For T-RFLP analysis, purified PCR products were digested with the restriction enzymes HinfI (New England BioLabs, Ipswich, MA, USA) and Hsp92II (Promega, Madison, WI, USA) in two separate reactions. Although these enzymes have previously been shown to produce useful terminal-restriction fragments (T-RFs; Vandenkoornhuyse et al., 2003; Johnson et al., 2004), the adequacy of the produced T-RFs to represent the AMF community was verified in subsequent analyses (see Supplementary Materials and methods). Each 20 μl digestion reaction contained 15 μl of PCR product, 2 units of enzyme, 10 × manufacturer’s buffer and was incubated for 4 h at 37 °C followed by 20 min at 80 °C to denature the enzymes. The digested products were purified by centrifugation through Millipore Multiscreen Filter Plates (Millipore, Bedford, MA, USA) filled with Sephadex G-50 Superfine (Sigma-Aldrich, St Louis, MO, USA). Mixtures containing 1 μl of each digest product, 0.15 μl of GeneScan-500 ROX internal-lane size standard (Applied Biosystems) and 9.85 μl of Hi-Di Formamide (Applied Biosystems) were denatured at 95 °C for 5 min and cooled on ice before being analysed on an automated capillary sequencer 3130X1 Genetic Analyser (Applied Biosystems). The resulting T-RF profiles were analysed using the programme GeneMarker v1.5 (SoftGenetics, State College, PA, USA), a threshold of 50 fluorescent units, a fragment range of 75–450 bp, and a bin width of 2 bp. A T-RF presence/absence matrix was constructed using the four restriction enzyme/primer combination, and for each site, single T-RF profiles from replicate bait T. repens, field T. repens and field L. perenne samples were combined, respectively.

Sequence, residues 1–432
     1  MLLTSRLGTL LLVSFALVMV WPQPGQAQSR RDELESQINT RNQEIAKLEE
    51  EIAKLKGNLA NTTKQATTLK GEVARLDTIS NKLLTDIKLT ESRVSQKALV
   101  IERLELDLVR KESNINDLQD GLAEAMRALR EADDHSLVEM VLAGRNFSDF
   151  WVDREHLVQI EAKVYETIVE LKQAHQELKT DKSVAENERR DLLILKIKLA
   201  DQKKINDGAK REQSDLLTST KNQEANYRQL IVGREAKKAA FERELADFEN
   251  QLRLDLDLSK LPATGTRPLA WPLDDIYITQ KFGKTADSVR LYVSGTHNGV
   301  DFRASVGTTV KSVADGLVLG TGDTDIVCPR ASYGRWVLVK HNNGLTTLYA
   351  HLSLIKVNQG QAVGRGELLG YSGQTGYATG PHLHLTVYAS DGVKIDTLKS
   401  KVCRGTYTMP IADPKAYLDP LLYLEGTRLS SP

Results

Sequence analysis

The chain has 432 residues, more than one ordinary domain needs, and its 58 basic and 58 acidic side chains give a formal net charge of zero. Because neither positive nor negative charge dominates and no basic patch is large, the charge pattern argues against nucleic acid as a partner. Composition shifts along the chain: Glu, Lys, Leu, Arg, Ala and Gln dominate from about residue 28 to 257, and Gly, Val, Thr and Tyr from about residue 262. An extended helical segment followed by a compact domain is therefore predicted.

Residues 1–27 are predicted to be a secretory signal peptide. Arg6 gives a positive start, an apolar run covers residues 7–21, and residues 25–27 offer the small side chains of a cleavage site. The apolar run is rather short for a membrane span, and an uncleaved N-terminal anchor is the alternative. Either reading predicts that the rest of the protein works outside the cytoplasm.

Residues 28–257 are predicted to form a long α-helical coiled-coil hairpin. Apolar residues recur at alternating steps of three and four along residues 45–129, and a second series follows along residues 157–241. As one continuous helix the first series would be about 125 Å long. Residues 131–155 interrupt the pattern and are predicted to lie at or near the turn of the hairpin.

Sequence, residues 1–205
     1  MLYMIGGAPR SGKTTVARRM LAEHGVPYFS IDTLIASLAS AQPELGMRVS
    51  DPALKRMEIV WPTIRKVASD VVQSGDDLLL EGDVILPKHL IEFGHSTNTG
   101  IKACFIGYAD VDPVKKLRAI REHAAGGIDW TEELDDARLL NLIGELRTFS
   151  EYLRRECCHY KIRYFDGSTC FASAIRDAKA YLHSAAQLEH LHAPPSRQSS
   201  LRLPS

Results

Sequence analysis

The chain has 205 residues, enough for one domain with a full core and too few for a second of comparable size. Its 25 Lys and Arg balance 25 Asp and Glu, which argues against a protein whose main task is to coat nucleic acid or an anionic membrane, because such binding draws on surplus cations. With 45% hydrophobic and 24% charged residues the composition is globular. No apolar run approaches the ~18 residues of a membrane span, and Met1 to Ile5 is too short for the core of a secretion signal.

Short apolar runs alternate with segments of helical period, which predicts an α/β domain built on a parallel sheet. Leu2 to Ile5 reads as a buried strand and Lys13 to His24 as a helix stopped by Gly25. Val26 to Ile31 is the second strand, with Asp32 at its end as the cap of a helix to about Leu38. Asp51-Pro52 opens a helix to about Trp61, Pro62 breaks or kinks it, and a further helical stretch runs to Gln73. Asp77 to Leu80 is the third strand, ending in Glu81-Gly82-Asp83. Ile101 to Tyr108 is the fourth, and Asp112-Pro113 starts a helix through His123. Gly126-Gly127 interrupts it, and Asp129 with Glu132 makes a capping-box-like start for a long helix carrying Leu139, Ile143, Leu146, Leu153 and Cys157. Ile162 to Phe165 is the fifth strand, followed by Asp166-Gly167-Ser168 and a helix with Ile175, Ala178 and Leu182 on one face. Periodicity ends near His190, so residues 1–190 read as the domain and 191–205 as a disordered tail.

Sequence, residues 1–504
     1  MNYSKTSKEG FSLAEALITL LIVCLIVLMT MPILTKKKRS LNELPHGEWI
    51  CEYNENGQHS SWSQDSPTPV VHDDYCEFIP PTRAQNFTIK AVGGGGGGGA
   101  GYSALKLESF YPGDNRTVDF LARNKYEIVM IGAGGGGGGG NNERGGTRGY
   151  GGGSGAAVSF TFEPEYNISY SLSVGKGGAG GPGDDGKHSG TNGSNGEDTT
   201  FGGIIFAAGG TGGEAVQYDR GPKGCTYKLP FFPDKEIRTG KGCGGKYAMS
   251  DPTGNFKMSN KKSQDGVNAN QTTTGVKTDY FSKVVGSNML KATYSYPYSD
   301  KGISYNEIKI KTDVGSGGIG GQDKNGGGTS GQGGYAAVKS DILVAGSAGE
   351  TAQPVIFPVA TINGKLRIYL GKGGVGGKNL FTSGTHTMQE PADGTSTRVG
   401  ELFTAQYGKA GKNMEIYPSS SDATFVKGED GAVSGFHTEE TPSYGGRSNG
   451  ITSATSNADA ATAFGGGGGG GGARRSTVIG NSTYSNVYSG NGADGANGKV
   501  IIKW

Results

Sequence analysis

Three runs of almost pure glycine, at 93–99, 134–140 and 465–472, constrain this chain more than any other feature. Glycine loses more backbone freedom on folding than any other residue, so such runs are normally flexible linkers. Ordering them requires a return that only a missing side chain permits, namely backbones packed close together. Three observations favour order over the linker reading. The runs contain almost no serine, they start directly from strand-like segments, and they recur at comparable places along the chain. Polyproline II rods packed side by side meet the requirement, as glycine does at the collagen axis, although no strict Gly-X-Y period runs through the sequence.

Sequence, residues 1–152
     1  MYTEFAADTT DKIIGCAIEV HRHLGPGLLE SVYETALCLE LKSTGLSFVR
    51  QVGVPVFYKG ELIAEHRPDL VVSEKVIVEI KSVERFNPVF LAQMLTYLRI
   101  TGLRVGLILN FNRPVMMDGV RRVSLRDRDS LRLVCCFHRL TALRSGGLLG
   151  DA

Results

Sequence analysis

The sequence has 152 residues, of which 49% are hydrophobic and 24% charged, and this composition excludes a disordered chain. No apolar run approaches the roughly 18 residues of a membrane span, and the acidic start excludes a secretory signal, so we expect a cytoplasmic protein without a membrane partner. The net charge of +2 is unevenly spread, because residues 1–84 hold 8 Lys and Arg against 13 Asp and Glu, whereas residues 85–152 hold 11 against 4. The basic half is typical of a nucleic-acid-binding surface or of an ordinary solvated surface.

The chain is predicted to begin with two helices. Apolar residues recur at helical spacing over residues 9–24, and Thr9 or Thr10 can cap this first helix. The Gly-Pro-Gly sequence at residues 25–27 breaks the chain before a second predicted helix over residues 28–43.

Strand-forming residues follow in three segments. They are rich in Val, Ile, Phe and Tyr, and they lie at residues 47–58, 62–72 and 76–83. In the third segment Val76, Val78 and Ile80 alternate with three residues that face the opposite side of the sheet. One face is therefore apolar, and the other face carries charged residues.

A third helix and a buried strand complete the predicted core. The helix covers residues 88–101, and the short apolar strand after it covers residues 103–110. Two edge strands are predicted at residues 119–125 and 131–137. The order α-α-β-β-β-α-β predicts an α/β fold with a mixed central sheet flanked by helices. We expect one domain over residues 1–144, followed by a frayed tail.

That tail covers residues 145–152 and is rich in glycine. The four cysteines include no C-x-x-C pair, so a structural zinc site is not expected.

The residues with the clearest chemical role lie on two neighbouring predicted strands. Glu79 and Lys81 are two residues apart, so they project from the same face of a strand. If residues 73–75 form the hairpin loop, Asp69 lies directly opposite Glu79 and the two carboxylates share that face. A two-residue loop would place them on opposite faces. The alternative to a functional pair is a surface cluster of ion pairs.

Statistical analyses of data

The total number of T-RFs for each site was calculated and the significance of differences in the mean number of T-RFs across plant types, land uses and soil types was determined using one-way analysis of variance. Statistical tests were performed using SPSS v12.0.1 (SPSS Inc., Chicago, IL, USA). To assess sampling efficiency, estimates of the total number of T-RFs for each site, based on the first-order Jackknife estimate, were calculated in PC-ORD v5.0 (McCune and Mefford, 1999).